You only get one chance to fly the line you choose to fly. But what if you could go back, and analyse the decision? Consider the alternatives? Compare with others? You can … with a tracklog!
In this multi-part series, Flybubble team pilot Phil Clark explains how you can learn a lot from analysing your flight tracklogs. Part one explains how to view your flight data by getting it out of your instrument and on to your computer, uploading it to an online XC league, and downloading the Google Earth (GE) file. Part two explains how to get more out of your tracklogs with GE, understanding the different file types, and drawing lessons from from them. Part three looks at multi-coloured traces. Part four draws more tracklog lessons. Part five investigates ways to learn from others in competitions and XCs.
Flight Analysis 1: Viewing The Data
1. Get the IGC file
Many modern instruments have a GPS element to tell you where you are and where you are going. If the unit has logging capability it allows you to look back at where you have been and learn more about your flights. Once you start analysing your own flying you will start to look at the flights of others too and so your learning accelerates.
If you want to review your flight you’ll need an IGC file from your device. This is a tamper-proof tracklog format established by the International Gliding Commission. Some instruments like the Naviter Oudie, Flymaster GPS SD, Syride SYS’Nav V3 produce this automatically so you can connect with a USB cable and drag and drop your flights from instrument to PC. Older instruments require the use of the free GPSdump software to download the raw tracklog and convert it to IGC format.
^ Tracklogs can give you inspiring ideas and new routes to follow
2. Upload it to an online XC League/Contest
There are various online contests, one of which is Leonardo. Registering for an account is free. Once you have uploaded a flight (Main Menu>Submit Flight) click the green Display icon to see the details. You can move around the flight by panning your mouse across the altitude profile (see below). Tick the Follow Glider box to keep it centred on you when zoomed in, and the little Maximise Window icon to go fullscreen. By opening other flights posted on the same day you can compare your routes, choices, low saves and all the ‘there I was’ moments.
3. Download the Google Earth file
For a more detailed analysis grab the modified Flight File (top right) for Google Earth (use the most detailed version) and open it up. We’ll show you how to use this in Part Two.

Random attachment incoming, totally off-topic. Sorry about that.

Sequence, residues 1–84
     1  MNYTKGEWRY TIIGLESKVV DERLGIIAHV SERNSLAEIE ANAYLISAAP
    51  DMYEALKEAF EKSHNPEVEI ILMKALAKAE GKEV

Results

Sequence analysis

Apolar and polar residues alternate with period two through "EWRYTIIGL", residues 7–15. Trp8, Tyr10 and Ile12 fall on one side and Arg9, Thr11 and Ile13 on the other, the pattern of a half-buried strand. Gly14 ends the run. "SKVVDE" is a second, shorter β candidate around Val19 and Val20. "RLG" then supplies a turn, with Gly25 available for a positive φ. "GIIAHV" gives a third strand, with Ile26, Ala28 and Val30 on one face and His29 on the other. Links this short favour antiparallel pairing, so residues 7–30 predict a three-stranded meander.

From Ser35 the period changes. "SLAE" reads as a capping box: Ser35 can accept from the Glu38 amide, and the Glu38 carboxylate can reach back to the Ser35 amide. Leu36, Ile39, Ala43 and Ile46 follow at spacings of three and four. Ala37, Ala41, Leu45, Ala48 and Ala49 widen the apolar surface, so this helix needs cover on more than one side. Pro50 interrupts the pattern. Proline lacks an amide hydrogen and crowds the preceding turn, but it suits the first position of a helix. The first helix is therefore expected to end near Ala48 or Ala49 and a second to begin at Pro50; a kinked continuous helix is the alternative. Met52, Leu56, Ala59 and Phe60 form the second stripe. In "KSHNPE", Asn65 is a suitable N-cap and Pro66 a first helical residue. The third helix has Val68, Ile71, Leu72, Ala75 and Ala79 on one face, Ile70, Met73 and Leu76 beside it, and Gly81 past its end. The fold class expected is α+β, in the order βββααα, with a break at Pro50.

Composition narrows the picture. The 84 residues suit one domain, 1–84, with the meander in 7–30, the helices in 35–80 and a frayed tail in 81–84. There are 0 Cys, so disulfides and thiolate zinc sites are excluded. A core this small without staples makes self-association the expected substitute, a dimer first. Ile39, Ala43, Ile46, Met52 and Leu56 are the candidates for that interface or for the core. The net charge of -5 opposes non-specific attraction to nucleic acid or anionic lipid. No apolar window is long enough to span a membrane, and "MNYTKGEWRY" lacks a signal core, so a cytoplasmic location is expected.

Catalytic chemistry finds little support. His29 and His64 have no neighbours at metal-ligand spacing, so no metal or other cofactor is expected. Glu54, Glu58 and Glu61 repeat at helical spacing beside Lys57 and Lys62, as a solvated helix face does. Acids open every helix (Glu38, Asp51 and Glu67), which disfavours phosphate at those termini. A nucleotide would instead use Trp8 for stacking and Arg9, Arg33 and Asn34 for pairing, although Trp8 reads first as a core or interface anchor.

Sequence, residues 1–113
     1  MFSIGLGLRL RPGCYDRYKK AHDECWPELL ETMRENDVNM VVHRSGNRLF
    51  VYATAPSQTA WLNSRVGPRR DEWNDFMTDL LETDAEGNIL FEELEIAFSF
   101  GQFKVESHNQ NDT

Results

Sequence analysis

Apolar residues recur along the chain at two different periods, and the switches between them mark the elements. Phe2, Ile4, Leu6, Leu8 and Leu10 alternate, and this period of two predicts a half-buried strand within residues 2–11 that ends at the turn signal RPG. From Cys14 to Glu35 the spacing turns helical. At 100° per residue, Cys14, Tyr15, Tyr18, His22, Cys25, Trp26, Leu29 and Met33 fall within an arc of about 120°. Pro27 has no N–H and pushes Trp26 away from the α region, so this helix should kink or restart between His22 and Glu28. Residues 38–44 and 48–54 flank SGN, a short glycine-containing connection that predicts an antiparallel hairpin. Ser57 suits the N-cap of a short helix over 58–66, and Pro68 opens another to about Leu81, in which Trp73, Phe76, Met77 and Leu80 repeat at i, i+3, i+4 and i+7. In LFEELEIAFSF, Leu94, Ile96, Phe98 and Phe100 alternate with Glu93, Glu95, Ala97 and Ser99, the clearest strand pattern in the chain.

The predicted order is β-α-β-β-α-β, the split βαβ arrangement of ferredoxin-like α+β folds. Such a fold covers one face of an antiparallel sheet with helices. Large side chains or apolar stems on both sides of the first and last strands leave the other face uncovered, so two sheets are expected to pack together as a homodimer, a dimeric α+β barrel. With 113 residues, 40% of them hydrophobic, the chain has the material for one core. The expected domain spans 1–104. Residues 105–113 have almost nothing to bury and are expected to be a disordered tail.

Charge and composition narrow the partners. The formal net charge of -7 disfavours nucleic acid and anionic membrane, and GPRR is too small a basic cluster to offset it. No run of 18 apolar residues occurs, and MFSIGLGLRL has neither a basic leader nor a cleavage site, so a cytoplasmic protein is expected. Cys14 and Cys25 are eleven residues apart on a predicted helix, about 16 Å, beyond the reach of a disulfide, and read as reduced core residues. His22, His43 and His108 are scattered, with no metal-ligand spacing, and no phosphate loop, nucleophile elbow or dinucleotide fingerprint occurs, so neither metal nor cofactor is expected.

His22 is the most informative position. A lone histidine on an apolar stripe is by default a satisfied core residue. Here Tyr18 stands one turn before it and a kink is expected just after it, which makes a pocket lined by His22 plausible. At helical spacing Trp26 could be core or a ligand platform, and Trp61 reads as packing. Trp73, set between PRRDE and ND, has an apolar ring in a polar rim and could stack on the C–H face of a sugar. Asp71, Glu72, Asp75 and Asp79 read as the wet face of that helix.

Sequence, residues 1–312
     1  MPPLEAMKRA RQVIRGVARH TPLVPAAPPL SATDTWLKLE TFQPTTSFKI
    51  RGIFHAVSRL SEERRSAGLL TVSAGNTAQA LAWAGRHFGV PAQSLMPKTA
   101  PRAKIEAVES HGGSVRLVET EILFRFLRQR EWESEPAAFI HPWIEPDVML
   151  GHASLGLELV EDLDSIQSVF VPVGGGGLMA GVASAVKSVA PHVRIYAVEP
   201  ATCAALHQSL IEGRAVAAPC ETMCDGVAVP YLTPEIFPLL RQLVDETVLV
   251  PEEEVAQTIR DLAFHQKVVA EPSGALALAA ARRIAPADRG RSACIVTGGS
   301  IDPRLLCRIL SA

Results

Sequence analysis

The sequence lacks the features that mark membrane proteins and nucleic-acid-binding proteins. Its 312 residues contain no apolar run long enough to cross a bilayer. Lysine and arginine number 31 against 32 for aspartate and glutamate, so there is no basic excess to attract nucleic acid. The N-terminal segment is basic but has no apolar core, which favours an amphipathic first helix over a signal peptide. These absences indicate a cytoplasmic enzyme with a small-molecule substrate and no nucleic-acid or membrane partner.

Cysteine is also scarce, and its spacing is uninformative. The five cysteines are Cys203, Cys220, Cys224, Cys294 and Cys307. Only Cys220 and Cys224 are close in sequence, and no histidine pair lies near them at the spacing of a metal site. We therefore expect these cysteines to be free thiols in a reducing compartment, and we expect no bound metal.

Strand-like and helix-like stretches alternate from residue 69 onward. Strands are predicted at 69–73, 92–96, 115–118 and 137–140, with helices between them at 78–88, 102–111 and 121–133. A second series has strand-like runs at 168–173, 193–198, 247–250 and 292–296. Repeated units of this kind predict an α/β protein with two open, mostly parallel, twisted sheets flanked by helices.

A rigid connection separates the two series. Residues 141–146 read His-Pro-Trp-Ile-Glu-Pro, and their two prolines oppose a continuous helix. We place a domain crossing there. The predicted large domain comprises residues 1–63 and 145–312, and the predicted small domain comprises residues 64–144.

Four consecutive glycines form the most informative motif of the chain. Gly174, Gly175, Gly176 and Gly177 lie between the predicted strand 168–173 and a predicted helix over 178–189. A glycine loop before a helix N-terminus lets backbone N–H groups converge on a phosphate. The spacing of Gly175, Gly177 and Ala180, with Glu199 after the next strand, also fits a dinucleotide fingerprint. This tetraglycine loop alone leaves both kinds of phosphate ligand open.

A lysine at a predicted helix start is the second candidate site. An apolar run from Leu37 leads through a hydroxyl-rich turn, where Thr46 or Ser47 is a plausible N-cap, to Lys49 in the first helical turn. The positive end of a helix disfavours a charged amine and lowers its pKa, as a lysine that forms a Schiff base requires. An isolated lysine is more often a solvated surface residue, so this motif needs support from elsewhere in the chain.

For a visual fly-through, upload your file to Doarama.com and grab some popcorn. It’s a pretty way of reliving the flight or presenting an annotated story to friends but it has limited analysis value. Another, premium flight review tool is SeeYou from Naviter which offers visualisation with airspace, flight statistics, and allows you to load multiple tracklogs for side-by-side comparison. I can be useful but expensive and cumbersome, and more aimed at sailplane than freeflight pilots. You can view these tracks for free on an online contest website like XContest.
^ Analysing a record day on SeeYou
IGC file troubles?
Getting the first IGC file onto the computer is the biggest hurdle for many pilots. Most Mac & PC set-ups work simply, but some more recent Windows applications require you to make use of the desktop environment. If the instrument doesn’t show up when it’s attached by the correct cable then the software driver might be missing. Download it from the instrument’s manufacturer. If you’re really stuck a club coach can often point you to someone technically minded and willing to help. Another great resource is a friend with the same instrument.
A tablet usually isn’t capable of communicating with flight instruments. In this case you’re better off with an instrument that feeds your tracklog directly to a server. Some units, like the Flymaster’s GPS+ SD or Live SD (which have a SIM card installed) will send updates on position via the cell-phone network. This means the trace is automatically posted and available to view on any device with a web browser (like a smart phone or tablet). You simply go flying and then look at your flight afterwards on somewhere like Livetrack24 (not brand specific) or Flymaster Livetracking (Flymaster brand only).